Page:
Monday, October 21st, 2013
Photo credit; Richard Taylor on Flickr

Photo credit; Richard Taylor on Flickr

According to Tim Gentle, who has been developing web marketing strategies for ten years, nearly all country based businesses have a reason for not having an online presence.

Some of the excuses he’s run into include:

  • online is what kids do
  • the internet speed where I do business is too slow
  • my clients are local I don’t need to be on the web.

“You don’t have to be scared of it,” Gentle says. “It’s a lot of fun.”

“I had a gentleman who couldn’t even download a photo from his camera” he recalls. “Now he’s putting up YouTube videos onto his online store, and getting his wife to demonstrate things in his shop.”

Running a business is about being competitive, and Gentle suggests if you don’t have an online presence, you will be lagging behind.

And while internet speeds is definitely an issue, new infrastructures will change this and it’s important to be set to go straight away.

AgriFood Skills Australia will be hosting different courses in different communities in the next three months with Federal Government support.

To read more on this story, click here.

Small and medium businesses in Australia face cyber attack threat

Friday, October 18th, 2013
Photo credit; Mathieu Plourde on Flickr

Photo credit; Mathieu Plourde on Flickr

Cyber attacks hit 75% of small and medium sized businesses (SMB) last year, according to online security company McAfee, which says Australian businesses have been under concerted attacks online.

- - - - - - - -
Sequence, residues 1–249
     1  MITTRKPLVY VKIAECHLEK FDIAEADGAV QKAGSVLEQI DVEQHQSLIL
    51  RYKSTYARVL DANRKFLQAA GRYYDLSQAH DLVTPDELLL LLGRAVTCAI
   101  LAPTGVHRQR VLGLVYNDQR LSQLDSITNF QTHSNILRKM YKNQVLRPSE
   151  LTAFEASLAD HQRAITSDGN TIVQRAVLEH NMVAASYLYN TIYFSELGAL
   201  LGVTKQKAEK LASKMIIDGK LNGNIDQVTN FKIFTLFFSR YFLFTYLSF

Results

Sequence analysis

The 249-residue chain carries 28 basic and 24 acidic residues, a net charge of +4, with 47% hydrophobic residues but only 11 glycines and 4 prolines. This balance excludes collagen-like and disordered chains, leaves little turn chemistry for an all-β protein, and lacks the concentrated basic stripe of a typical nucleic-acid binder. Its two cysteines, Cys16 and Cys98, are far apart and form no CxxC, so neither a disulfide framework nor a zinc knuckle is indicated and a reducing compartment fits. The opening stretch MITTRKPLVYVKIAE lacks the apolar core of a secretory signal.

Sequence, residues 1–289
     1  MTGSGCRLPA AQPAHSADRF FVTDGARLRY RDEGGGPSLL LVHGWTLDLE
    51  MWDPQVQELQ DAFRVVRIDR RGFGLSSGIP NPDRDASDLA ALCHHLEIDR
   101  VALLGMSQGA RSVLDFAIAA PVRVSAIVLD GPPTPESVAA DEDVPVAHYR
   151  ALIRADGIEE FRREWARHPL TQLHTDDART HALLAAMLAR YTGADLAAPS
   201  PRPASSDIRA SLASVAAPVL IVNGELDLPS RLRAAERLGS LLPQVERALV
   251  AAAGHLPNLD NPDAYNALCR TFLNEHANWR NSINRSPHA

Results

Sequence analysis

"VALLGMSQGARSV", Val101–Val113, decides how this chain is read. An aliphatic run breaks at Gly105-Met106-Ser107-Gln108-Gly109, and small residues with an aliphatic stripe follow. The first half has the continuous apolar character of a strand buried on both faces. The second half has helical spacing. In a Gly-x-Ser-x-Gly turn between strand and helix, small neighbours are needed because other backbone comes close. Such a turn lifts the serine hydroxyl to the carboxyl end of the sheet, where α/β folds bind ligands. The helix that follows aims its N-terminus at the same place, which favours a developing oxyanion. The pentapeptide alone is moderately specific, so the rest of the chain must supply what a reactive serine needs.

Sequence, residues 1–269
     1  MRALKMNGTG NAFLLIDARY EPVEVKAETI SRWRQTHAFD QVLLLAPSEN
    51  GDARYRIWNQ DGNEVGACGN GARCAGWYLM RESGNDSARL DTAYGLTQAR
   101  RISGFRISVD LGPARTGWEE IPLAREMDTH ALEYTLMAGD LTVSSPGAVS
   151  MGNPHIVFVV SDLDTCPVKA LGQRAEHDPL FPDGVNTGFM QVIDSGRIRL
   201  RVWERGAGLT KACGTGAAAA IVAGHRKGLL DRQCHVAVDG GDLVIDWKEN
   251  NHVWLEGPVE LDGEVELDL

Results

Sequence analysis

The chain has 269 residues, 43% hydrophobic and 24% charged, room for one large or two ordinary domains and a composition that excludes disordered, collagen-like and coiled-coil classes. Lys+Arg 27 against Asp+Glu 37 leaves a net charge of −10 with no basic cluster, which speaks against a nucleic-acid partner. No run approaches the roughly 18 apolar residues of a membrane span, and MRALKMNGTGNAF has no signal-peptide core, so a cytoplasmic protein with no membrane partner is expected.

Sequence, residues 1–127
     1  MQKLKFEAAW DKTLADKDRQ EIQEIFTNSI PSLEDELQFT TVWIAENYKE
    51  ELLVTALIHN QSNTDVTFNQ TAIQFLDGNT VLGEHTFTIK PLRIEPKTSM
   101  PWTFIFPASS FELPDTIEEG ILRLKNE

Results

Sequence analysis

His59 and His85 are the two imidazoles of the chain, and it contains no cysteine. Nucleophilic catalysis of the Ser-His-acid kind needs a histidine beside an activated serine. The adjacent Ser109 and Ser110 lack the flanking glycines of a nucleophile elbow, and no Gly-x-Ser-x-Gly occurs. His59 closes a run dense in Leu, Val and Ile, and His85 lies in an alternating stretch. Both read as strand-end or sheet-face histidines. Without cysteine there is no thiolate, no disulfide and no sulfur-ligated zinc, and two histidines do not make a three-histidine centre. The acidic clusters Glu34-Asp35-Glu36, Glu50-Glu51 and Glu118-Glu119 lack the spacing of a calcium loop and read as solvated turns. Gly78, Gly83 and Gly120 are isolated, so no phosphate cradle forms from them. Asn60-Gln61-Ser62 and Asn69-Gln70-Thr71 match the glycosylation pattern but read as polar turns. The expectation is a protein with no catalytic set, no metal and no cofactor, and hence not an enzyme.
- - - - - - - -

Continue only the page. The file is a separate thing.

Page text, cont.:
“There is a real imperative to better understand how to keep business assets safe — from data to devices, email and web,” says McAfee’s SMB Manager for Asia Pacific, Robbie Upcroft.

In its May State of Cybersecurity in Australian SMBs report, McAfee warned that almost half of SMBs in Australia had experienced a targeted attack in the past 12 months (44.5 per cent) with one in five (21 per cent) of this number experiencing three or more attacks.

And, in a worrying sign, McAfee found that just under half (46 per cent) of Australian SMBs indicated they had experienced security breach or data loss “by deliberate sabotage from current or ex-employees in the last year.”

To read more about this story, click here.

OPMC announces free Freshbooks plugin for WooCommerce sites

Thursday, October 17th, 2013

press-freshbooks-logo OPMC has created the Freshbooks Daily Billing Stats Lite plugin and is giving it away for free.

Freshbooks users can easily keep up to date with their invoicing with the quick snapshot reports generated by this plugin. It allows users to send a report to an email address they specify that shows them the amount invoiced via Freshbooks for the current week, and for the previous week.

The figures are broken down into daily totals.

All you need to use the Freshbooks Daily Billing Stats Lite plugin is a Freshbooks account and an authentication token.

To download the Freshbooks Daily Billing Stats Lite plugin, click here.

Kickstarter announces Australian launch date

Thursday, October 17th, 2013
Photo credit; David Pacey on Flickr

Photo credit; David Pacey on Flickr

Crowdfunding platform Kickstarter will be live in Australia as of Nov. 13.

The US-based platform, which has helped raise more than $US800 million for creative projects broke the news recently via its online blog.